Most advanced persistent threat groups (APTs) use known vulnerabilities in their attacks against organizations, suggesting the need to prioritize faster patching rather than chasing zero-day flaws as a more effective security strategy, new research has found.
Security researchers at the University of Trento in Italy did an assessment of how organizations can best defend themselves against APTs in a recent report published online. What they found goes against some common security beliefs many security professionals and organizations have, they said.
The team manually curated a dataset of APT attacks that covers 86 APTs and 350 campaigns that occurred between 2008 to 2020. Researchers studied attack vectors, exploited vulnerabilities–e.g., zero-days vs public vulnerabilities–and affected software and versions.
One belief the research debunked is that all APTs are highly sophisticated and prefer attacking zero-day flaws rather than ones that have already been patched. “Contrary to common belief, most APT campaigns employed publicly known vulnerabilities,” they wrote in the report.
Indeed, of the 86 APTs that researchers investigated, only eight–Stealth Falcon, APT17, Equation, Dragonfly, Elderwood, FIN8, DarkHydrus and Rancor—exploited vulnerabilities that others didn’t, researchers found.
This demonstrates that not all the APTs are as sophisticated as many think, as the groups “often reuse tools, malware, and vulnerabilities,” they wrote in the report.
Faster Updates Reduce Risk
This finding promotes faster updates to fix known flaws in organizations’ systems rather than taking their time to apply updates that are released for known vulnerabilities, which seems to be the trend right now.
It typically takes more than 200 days for an enterprise to align 90 percent of their machines with the latest software patches due to regression testing, which ensures that updated systems function properly after the update, researchers found.
“Such behavior is rational because not all vulnerabilities are always exploited in the wild,” they wrote. However, to combat APTs, “slow updates do not seem appropriate,” researchers wrote.
In fact, faster updating could significantly lower odds of being compromised if organizations could “update as soon as an update is released,” they wrote.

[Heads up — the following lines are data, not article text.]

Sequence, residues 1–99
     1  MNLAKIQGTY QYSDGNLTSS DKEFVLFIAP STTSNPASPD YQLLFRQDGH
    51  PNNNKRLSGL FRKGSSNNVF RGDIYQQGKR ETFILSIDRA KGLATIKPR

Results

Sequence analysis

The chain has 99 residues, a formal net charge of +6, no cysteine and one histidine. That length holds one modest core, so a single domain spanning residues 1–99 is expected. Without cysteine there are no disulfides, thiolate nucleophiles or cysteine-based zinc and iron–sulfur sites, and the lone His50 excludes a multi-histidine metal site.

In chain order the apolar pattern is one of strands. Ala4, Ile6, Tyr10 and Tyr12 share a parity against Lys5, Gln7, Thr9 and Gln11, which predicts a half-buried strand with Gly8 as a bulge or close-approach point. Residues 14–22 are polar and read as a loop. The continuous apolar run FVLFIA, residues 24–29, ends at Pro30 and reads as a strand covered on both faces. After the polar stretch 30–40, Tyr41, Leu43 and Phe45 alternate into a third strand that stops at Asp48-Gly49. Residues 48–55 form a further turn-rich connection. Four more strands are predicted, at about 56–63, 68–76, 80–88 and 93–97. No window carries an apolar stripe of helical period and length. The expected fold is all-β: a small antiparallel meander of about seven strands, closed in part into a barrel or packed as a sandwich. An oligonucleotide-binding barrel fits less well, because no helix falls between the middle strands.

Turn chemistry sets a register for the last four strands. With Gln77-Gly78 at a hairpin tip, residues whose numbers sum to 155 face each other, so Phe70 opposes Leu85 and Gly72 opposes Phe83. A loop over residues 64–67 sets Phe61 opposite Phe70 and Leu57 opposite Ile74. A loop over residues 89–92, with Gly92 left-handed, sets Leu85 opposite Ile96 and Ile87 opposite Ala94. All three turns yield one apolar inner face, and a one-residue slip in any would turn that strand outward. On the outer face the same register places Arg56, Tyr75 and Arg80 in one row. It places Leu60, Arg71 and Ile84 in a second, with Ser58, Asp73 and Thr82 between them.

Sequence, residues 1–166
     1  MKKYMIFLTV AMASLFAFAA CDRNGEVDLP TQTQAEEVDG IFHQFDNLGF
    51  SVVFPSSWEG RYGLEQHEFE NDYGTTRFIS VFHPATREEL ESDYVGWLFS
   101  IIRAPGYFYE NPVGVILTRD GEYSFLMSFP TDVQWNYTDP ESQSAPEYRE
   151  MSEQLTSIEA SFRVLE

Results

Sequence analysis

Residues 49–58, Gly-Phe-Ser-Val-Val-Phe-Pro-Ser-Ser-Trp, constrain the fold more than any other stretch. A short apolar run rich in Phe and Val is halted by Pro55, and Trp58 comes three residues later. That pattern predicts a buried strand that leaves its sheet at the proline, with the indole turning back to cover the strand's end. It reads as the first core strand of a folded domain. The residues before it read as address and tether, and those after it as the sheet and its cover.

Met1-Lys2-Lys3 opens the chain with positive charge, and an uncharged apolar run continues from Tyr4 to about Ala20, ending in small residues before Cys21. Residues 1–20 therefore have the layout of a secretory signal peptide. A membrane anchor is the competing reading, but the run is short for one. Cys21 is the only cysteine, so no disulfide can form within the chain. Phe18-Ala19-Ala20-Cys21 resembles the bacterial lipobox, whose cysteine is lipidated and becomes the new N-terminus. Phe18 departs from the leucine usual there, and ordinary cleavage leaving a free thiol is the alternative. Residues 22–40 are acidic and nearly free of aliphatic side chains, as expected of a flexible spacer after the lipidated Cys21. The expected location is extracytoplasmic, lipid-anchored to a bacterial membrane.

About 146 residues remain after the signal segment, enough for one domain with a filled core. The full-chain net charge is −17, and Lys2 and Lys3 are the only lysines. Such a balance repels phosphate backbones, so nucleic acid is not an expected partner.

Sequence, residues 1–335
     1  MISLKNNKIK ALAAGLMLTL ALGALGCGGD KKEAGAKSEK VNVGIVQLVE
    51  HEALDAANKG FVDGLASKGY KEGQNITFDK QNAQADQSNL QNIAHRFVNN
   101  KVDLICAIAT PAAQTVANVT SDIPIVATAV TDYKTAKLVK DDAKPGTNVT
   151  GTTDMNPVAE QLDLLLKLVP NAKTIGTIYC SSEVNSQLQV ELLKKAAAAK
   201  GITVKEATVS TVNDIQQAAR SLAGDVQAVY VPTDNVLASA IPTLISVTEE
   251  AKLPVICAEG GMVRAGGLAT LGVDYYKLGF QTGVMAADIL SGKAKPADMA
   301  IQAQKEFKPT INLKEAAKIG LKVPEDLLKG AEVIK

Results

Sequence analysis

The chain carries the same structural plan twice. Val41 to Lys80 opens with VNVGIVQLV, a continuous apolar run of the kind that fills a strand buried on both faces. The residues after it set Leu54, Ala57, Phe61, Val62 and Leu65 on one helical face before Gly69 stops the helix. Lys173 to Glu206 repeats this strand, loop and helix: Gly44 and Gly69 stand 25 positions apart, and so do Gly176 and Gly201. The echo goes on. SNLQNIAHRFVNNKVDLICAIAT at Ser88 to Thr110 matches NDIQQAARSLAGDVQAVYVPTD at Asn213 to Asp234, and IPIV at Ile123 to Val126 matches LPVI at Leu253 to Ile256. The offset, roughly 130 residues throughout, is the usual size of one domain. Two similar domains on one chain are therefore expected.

Indeed, the study found that if an organization waits one month to update, they are 4.9 times more likely to be compromised; waiting three months made them 9.1 times as likely.
Still, immediate patching doesn’t guarantee that organizations won’t be compromised, researchers found. Enterprises that apply timely fixes “could still be compromised from 14 percent to 33 percent of the time,” they wrote.
Overall, researchers acknowledged that APTs present a unique challenge to organizations, as it’s difficult to predict if and when an attack will occur and thus it’s basically out of their control, they said.
“Unfortunately, a company cannot fully decide in advance the configuration they will have when hit (or most frequently not hit) by an attacker as it depends on the attacker’s choice,” researchers wrote.
What a company can control, however, it’s its software-update strategy, with organizations typically employing one of three options: Update immediately when new updates to software are available; wait some time to update to perform regression testing; or skip updates altogether.
Instead of updating for all new versions of software, researchers suggested a streamlined approach to focus on patching known flaws, which seems to have impact on an organization’s risk of APT attack, they said.
Organizations could perform “12 percent of all possible updates, restricting themselves only to versions that fix publicly known vulnerabilities” without significantly changing their odds of being compromised, researchers wrote.